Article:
One of the new options that you have in Excel 2013 and Power View is to show data on maps. This is a feature that is awaited for, most data in the BI world contains some sort of geographical information.


This could be sales territories, customer locations or production plants, etc.

When I first tested this I thought that you would need to have geographical objects stored in your user database much like the technique I used in one of my previous posts. However this is much simpler, the only thing that you need is a geographical name like a region name, a postal code or even a street name.


This data gets sent to Bing and Power View uses the field that you put in the locations box to geo code the data.

power view map control

This can in certain cases be hard to do you really need to ensure that your field is uniquely identified. There are places that have the same name across the globe. You also need to ensure that if you use street names that Bing can successfully find then e.g. they have the correct postal code.

Bing maps is quite good on finding out locations of different addresses.

I tried with a very small sample that you can see below:



The first row is a full address, as suspected Bing had no trouble finding that address. In the second case I have not specified the zip code or the country but Bing had no problem finding that at all. The third one also misses the zip code and the country and again Bing had no trouble. If I removed Stockholm from the third case and just added the country then Bing was unable to find the address.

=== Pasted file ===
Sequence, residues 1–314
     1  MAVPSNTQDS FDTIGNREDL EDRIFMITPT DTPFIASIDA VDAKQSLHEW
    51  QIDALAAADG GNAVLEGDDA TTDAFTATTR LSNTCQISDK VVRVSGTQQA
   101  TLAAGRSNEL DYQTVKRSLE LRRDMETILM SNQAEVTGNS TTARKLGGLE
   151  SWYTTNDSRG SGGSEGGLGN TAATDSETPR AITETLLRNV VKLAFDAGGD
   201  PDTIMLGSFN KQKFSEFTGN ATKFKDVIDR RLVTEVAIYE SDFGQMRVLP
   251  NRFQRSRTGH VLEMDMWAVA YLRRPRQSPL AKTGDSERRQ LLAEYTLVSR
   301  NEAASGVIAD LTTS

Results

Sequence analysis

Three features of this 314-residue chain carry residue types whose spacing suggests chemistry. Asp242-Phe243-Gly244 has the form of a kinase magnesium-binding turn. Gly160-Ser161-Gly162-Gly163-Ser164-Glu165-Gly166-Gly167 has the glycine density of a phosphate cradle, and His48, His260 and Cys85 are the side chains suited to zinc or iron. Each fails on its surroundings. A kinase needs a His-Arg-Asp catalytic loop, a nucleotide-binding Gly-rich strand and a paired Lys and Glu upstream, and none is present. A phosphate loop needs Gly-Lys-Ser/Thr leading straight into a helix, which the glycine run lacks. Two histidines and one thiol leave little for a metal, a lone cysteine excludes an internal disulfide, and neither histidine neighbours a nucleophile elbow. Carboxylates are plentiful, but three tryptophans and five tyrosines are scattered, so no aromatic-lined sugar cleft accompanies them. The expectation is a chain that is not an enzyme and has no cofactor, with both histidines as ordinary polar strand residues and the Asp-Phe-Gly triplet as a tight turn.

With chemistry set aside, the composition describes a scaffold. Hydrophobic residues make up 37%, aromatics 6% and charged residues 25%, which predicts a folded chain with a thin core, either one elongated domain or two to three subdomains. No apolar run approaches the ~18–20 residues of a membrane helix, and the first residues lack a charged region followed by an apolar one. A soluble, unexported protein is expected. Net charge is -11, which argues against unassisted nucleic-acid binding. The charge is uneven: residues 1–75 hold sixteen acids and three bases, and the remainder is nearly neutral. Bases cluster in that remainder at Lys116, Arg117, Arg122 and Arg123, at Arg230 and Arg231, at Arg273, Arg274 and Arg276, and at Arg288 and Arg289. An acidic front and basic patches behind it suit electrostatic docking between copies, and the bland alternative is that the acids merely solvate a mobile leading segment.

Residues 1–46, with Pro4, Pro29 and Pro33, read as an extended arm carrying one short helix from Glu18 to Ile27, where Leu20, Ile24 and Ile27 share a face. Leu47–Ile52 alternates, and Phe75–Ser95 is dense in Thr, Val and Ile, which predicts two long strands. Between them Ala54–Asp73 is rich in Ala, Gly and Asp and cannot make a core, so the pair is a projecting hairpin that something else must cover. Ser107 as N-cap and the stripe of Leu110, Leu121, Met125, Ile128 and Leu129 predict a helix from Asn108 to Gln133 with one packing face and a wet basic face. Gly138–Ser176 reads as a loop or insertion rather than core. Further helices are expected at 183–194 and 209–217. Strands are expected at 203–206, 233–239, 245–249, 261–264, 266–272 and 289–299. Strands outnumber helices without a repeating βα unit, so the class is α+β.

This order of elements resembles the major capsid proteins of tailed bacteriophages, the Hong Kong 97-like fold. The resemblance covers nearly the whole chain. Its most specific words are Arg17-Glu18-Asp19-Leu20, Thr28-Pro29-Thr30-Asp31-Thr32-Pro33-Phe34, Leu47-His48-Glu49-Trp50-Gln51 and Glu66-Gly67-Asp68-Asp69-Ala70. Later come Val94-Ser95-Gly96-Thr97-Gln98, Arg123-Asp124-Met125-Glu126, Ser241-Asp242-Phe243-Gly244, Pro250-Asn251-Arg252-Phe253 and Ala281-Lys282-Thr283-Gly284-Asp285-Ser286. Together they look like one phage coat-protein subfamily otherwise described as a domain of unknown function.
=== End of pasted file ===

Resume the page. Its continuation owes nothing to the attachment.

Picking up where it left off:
If Bing cannot find the location of the address then nothing is shown on the map.

You can also get nice zoom able maps in Power View. Power View have the capability of understanding hierarchies in the new version. This is something that power users have asked for and now it is here. I was happy to see that it worked in maps as well.

I created the following small sample table



Then in PowerPivot I created a hierarchy that goes from country down to region and then down to plats.


If I add this to a Power View report the map report will look like this:


As you can see I only have one marker on top of Sweden showing me the country level. If I double click on the marker then I will zoom in to the next level showing me the regions that I have in my hierarchy.



There are a lot of other visualizations and things that you can do with the mapping components in Power View. You have a lot of possibilities with vertical and horizontal multiples as well as color. There are however some things that does not work. You can not use KPI statuses on maps and you can not show regions the way that you can do in Reporting Services. However this is much simpler and easier to work with and more people will be able to use it.